At over a half-million acres, the Great Smoky Mountain National Park offers families a cornucopia of opportunities to explore wilderness unspoiled. One of just 22 sites in the U.S. to have been placed on the distinguished UNESCO World Heritage List, the National Parks Service (NPS) recently spotlighted GSMNP in a their new, online itinerary. Travelers can hike to a secluded waterfall, investigate preserved historical structures, observe thousands of species of wildlife (including the elusive synchronous fireflies each spring), join a Junior Ranger Program, tube down a river and sleep under the stars. The million-dollar question is, “How the heck do you choose?”
Here is a three-day itinerary full of Smoky Mountain highlights to help families narrow their choices, get off the grid, and immerse themselves in the best this beautiful region has to offer—black bears, mountain streams, fiddles on the porch and the dreamy blue sheaves of the Smokies in the distance.
Day One: Sugarlands
Just a short distance into the park past Gatlinburg, Sugarlands serves as park headquarters and is the perfect place to begin your adventures. Pick up the park’s seasonal newspaper, the Smokies Guide, for park news, maps, tips and a listing of ranger-lead programs. Perusing the offerings—guided nature study, storytelling and a full-moon hikes—I found myself wishing we had several days to spend in the park to take advantages of all the activities run by the National Park Service. The center also has an excellent bookstore, a 20-minute film about the park, and plenty of rangers on site to answer your questions.
After the Sugarlands, get your first taste of the park with a drive on the 5.5-mile Roaring Fork Motor Nature Trail. This one-way, scenic loop features mountain views, an historic farmstead, and burbling forest streams. Along the way you can hike to your first Smoky Mountain waterfall along the Grotto Falls trail, an easy 2.4-miles out and back. Grotto Falls is the only cascade in the park that you can actually walk behind.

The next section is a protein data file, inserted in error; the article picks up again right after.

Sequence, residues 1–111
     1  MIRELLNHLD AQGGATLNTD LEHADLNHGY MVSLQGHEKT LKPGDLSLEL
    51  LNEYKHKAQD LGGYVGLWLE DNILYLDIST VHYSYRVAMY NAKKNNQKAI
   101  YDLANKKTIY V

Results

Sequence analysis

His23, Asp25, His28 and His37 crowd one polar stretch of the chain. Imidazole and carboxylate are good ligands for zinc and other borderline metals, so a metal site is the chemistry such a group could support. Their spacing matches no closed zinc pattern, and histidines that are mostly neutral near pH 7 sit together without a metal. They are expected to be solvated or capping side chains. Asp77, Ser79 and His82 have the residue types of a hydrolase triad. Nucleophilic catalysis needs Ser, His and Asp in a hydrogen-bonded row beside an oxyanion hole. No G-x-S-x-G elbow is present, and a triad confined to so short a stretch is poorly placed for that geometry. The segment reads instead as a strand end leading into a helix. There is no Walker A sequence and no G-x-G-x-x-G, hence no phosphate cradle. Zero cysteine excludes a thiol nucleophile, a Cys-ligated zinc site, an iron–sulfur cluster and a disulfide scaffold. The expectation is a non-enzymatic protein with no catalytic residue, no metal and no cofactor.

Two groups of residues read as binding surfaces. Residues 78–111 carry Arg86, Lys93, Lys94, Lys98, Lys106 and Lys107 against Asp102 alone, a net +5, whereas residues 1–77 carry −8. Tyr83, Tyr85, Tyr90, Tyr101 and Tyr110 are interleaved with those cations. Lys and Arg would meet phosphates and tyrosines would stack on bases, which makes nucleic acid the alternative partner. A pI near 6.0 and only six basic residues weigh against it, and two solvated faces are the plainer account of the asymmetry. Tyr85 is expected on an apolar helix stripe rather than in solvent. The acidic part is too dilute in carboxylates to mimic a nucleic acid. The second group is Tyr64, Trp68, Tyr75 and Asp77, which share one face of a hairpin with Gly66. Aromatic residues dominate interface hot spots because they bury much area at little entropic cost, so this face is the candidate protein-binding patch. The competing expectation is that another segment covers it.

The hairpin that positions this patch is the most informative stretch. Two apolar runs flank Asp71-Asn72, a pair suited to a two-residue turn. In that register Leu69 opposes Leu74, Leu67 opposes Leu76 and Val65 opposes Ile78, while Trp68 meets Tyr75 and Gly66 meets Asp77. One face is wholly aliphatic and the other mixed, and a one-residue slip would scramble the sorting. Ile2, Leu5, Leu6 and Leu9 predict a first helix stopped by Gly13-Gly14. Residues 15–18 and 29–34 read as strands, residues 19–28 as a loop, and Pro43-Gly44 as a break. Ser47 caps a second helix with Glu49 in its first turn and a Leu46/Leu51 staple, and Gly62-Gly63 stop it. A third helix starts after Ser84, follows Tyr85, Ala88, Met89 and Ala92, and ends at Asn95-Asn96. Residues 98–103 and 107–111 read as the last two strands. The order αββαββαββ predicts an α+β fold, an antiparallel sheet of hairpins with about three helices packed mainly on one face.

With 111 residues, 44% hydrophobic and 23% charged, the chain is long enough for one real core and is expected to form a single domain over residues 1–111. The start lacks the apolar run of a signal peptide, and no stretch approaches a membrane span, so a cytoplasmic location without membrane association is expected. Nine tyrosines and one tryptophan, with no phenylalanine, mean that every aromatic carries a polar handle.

Another nearby waterfall hike that’s great for kids is Laurel Falls. After a 1.1 mile uphill trek that isn’t overly strenuous, (our six year old daughter had no trouble) hikers are rewarded by majestic, eighty-foot falls that spill into several small pools at its base. Our girls spent over an hour splashing, wading and hunting for critters in the crystal clear water.
Day Two: Cades Cove
One of the most idyllic experiences in the Smoky Mountains is a bike tour around Cades Cove, a lush valley with sweeping mountain views and abundant wildlife. The cove is closed to vehicle traffic on Wednesday and Saturday mornings throughout the summer and bikes can be rented at the Cades Cove Campground store. Plan to arrive first thing in the morning on the two traffic-free days as bikes often sell out. The one-way loop is 11-miles long but there are two roads that cut across the cove and shorten the distance.
After your tour, return your bikes and drive to the Cades Cove Visitors Center. Spend an hour or so exploring the historic buildings here, have a picnic and take part in a Junior Ranger program. The rangers here are wonderful and our girls enjoyed learning about family life in the cove in the 1800s while making corn husk dolls.
When you leave Cades Cove, make your way along Laurel Creek Road to where it meets Little River Road. This intersection is known as the Townsend ‘Y’ and is another favorite Smoky Mountain swimming hole and is probably the easiest to reach. Spread your blanket on the wide, sloping lawn and spend the afternoon swimming, sunbathing and relaxing with a book.
Day Three: Newfound Gap
Today’s the day you’ll make your way through the park to North Carolina on the Newfound Gap Road. Along the 33-mile route from Gatlinburg to Cherokee you can make stops at several scenic overlooks, including Newfound Gap itself, where FDR dedicated the park in 1940. Also on the way is the road to Clingman’s Dome where a half-mile hike from the parking area takes you to a 45-foot observation tower. The highest point in Tennessee, it is said you can see seven states on a clear day from the top.
The final stop is the Ocanaluftee Visitors Center and Mountain Farm Museum. Junior Ranger Programs, guided hikes and demonstrations of 19th century farm life are offered several times each day. Some Saturday afternoons the front porch of the visitor’s center is home to an old time jam session of Appalachian music.
On the way back to Gatlinburg you have the opportunity to stop at one more swimming hole at the Chimney Tops trailhead. While the trail itself, a steep, 2-mile climb ending in a rock scramble to the summit, is best left to families with older kids, there is a lovely area at its base is perfect for a picnic, a quick dip, and some time just sitting on the rocks listening to the sounds of the stream.